President Obama signs domestic violence bill with added protections to Native American women
Bill allows tribes to prosecute non-Indians in some circumstances when domestic violence crimes occur
Speaking before tribal leaders, lawmakers, domestic abuse survivors and domestic violence advocacy groups, President Obama signed into law the Violence Against Women Reauthorization Act of 2013 March 7.
On Feb. 28, the House passed the bipartisan Senate version of the Violence Against Women Reauthorization Act, S. 47, with tribal provisions intact.
"Tribal governments have an inherent right to protect their people and all women deserve the right to live free from fear," Obama said.
Obama thanked tribal leaders, advocacy groups, and lawmakers on both sides of the aisle for making the bill a reality.
"There were too many of you who helped make this happen and you all deserve to be part of this moment," Obama added.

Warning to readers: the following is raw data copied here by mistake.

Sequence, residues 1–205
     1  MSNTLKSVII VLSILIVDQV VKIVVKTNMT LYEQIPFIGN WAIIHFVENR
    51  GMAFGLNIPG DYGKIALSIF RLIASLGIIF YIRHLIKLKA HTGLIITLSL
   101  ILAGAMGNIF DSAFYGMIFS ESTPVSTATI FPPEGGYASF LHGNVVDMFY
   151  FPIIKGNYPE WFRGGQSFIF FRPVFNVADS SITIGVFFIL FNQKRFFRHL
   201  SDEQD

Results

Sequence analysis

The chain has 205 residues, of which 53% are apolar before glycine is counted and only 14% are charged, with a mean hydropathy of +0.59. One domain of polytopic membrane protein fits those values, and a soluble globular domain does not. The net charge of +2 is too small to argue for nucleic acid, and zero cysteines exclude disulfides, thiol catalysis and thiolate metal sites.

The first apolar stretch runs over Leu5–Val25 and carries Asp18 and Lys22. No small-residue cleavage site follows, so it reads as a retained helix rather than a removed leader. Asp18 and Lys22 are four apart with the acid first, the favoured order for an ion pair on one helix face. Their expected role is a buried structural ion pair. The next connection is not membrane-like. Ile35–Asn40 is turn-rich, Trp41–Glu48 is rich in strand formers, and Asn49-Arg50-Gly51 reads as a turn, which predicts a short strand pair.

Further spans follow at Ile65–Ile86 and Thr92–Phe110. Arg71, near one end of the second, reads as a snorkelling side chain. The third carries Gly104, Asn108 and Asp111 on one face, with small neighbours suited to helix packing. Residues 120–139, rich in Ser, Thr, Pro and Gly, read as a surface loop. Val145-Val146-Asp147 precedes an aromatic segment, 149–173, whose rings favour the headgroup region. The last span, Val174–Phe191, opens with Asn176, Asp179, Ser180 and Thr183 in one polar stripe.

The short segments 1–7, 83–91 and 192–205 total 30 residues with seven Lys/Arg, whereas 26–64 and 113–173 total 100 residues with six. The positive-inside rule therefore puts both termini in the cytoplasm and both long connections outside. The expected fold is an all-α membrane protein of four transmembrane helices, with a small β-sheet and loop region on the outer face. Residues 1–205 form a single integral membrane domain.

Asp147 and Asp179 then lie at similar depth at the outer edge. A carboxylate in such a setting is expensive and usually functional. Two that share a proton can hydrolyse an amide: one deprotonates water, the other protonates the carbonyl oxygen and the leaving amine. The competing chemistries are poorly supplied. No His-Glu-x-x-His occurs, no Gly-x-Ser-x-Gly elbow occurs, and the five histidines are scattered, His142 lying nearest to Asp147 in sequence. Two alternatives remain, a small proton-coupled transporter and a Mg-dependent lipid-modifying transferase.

The bill reauthorizes the act for the next five years and provides added protections to Native American women from domestic violence crimes on tribal lands. The bill allows tribes to prosecute non-Indians in some circumstances where they commit acts of domestic violence against Indians or violate domestic violence related protection orders.
Attending the signing ceremony at the Department of the Interior was Navajo Nation Washington Office executive director Clara Pratte. She said the mood was celebratory as those in attendance awaited the arrival of the president.
"We thank President Obama, Vice President Biden, Congress, and Indian Country for coming together and taking a stand to pass this important piece of legislation," Pratte said.